It would also be best to have a finished assembled (but not painted) wearable suit before adding any animatronic system. It is important to know exactly how much room you have to work with and how it fits the suit performer before adding animatronics. 

    There are lots of different ways the mechanics of this suit could have been constructed. We tried to use readily available materials found in hobby shops and hardware stores whenever possible to save time and money. Items such as the shoulder rocket pods and hip pod hinge assemblies could easily be 3d printed if so desired.

  • 3

    Notes about tools and materials used:

    ProPoxy 20 is awesome stuff. When making the brass tube pivots for the shoulder rocket pods it was easiest to glue the brass tube to the servo casing with superglue ( I use Gorilla glue with a spray accelerator) and then mold some ProPoxy 20 around it- this is an easy way to make simple hinges that are very durable. 

    Adafruit Perma-Proto boards are really great; I highly recommend using them to mount transistors, servo connectors, regulators and resistors. Anything you can do to clean up the wiring in the suit is time and money well spent. If I was to do it over again I would design a custom PCB in order to clean up the wiring in the back torso.

    As far as tools go, most all of the work was done with basic tools; a scroll saw to cut the plywood, soldering iron, wire cutters, pliers and a Dremel tool. A bit of fiberglass work was done in the helmet and for this I really like epoxy resin- I use West Systems epoxies. Epoxy resin doesn't smell and it's a lot tougher than polyester resin. The West Systems epoxy resin also has an incredibly long shelf life and it's super easy to mix if you use their metered pumps.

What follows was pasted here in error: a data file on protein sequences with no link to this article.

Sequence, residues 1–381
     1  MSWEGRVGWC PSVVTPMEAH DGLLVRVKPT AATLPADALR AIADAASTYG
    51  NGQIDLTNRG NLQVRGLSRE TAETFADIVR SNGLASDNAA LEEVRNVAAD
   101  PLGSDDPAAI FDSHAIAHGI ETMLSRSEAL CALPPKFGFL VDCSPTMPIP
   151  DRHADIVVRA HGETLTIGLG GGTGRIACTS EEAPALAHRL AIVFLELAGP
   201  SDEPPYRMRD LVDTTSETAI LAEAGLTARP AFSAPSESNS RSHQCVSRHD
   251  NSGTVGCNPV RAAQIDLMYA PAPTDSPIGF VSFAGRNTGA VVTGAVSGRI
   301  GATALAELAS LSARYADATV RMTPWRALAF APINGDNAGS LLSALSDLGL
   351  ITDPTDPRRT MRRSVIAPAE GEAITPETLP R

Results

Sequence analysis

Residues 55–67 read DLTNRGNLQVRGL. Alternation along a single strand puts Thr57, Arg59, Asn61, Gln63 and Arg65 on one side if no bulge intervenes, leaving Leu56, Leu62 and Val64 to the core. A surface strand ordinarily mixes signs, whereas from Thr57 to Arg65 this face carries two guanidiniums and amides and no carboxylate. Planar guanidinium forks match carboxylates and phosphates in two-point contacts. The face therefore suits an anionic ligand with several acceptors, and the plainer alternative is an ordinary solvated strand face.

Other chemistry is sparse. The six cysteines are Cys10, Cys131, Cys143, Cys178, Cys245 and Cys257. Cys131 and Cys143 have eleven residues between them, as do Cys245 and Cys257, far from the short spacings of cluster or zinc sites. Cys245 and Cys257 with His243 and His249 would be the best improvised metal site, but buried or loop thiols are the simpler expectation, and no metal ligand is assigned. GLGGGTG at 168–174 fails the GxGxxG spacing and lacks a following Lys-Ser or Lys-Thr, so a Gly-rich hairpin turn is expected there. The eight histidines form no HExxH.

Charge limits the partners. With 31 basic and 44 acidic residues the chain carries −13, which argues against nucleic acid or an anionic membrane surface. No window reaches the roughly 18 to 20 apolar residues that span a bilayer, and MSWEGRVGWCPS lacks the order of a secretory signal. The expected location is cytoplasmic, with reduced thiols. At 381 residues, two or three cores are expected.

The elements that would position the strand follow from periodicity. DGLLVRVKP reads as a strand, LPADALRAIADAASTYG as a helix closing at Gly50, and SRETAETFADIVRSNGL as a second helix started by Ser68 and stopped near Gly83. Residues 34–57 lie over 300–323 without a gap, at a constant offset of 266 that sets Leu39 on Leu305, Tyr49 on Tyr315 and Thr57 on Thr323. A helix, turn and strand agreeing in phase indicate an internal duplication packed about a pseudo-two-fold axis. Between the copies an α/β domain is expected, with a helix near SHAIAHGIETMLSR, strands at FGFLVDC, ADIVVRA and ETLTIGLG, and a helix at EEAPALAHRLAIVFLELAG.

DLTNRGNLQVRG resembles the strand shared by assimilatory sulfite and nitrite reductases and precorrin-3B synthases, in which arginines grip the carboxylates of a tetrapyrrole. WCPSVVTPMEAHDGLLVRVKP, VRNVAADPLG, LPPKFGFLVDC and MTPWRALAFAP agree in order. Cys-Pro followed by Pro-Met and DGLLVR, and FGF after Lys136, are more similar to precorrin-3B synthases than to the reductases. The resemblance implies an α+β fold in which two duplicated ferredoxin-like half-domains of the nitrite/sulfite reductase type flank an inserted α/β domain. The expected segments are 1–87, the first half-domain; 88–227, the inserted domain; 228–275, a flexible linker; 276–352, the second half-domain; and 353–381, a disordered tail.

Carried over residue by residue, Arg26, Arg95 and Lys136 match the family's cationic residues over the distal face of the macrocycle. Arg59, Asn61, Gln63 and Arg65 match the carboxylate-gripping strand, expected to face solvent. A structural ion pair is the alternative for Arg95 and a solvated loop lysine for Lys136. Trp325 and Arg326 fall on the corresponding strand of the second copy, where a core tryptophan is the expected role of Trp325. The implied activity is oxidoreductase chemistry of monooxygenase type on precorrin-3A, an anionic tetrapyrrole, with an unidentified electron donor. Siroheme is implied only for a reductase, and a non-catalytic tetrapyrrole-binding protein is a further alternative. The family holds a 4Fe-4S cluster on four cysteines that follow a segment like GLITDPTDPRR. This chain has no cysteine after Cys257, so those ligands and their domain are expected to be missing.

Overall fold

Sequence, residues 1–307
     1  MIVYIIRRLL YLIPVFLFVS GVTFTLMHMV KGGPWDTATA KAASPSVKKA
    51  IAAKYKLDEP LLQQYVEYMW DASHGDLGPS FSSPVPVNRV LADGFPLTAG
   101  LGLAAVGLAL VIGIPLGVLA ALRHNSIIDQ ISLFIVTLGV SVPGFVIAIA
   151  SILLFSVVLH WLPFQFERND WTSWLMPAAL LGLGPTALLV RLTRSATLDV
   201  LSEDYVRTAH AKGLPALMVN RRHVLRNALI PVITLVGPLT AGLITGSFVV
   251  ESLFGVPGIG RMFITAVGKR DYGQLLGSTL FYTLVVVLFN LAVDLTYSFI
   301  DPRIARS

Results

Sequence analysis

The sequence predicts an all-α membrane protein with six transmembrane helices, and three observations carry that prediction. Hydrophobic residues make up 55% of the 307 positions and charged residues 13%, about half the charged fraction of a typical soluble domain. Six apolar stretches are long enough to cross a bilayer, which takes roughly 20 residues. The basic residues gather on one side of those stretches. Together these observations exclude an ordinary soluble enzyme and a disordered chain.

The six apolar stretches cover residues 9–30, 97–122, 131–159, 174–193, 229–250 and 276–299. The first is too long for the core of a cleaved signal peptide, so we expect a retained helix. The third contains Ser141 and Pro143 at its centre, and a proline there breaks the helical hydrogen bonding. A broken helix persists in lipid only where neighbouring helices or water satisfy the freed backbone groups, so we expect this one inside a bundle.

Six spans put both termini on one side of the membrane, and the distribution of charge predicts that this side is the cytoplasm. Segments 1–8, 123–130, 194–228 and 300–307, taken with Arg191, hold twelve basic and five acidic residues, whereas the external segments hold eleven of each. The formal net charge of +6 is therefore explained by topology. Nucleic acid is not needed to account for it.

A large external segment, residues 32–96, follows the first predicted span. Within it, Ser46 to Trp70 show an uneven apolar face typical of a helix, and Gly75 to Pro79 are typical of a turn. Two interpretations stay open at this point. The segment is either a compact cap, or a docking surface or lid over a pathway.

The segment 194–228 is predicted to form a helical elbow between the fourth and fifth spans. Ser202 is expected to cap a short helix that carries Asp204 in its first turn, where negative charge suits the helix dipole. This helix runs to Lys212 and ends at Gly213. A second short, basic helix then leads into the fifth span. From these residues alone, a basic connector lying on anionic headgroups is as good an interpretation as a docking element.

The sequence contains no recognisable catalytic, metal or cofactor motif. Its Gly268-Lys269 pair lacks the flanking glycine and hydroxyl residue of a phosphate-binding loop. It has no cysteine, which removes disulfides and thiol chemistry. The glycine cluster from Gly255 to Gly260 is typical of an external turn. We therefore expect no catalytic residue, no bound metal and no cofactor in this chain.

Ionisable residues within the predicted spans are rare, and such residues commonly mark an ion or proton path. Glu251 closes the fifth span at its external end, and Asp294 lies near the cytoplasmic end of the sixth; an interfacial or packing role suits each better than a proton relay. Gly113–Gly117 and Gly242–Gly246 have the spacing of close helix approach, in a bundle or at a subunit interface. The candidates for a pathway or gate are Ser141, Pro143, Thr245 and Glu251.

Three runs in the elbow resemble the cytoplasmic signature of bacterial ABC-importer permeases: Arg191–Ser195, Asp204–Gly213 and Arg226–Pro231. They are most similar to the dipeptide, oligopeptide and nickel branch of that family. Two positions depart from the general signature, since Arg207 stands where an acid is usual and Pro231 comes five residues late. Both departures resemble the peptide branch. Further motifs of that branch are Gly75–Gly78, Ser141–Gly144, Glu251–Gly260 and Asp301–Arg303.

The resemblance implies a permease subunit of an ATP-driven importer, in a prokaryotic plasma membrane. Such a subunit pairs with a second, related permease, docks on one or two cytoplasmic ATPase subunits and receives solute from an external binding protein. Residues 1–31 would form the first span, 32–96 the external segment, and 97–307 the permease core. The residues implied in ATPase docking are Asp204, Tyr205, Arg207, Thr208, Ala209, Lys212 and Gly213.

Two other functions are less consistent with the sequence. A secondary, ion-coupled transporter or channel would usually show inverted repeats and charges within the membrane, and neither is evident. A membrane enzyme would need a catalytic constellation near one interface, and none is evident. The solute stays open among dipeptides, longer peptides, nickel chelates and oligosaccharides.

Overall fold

View all 3 instructions

Enjoy this project?



Mike Hinkle wrote 09/28/2014 at 17:29 point
Great project! Would you like to show it off at the Houston Mini Maker Faire on 11/1? The crowds would love it!

  Are you sure? yes | no

niazangels wrote 04/27/2014 at 09:33 point
I love what you've got going, there! You really seem to have a LOT of free time :D
You inspired these Ironman renderings :)

  Are you sure? yes | no

jeromekelty wrote 04/27/2014 at 15:29 point
Thanks- that's awesome! I have three kids so the only way for me to work on my projects is to stay up late. And there were an awful lot of late nights on this project! :)

  Are you sure? yes | no

betosantos1.personal wrote 04/23/2014 at 18:49 point
Gostaria de ter acesso aos circuitos eletronicos (com os nomes dos componetes) de toda parte eletronica!!
Muito obrigado!!

  Are you sure? yes | no

betosantos1.personal wrote 04/23/2014 at 18:48 point
Parabéns pelo projeto! Muito bom!!

  Are you sure? yes | no

jeromekelty wrote 04/24/2014 at 04:31 point
Thanks! Working on parts list and schematics now. :)

  Are you sure? yes | no

Similar Projects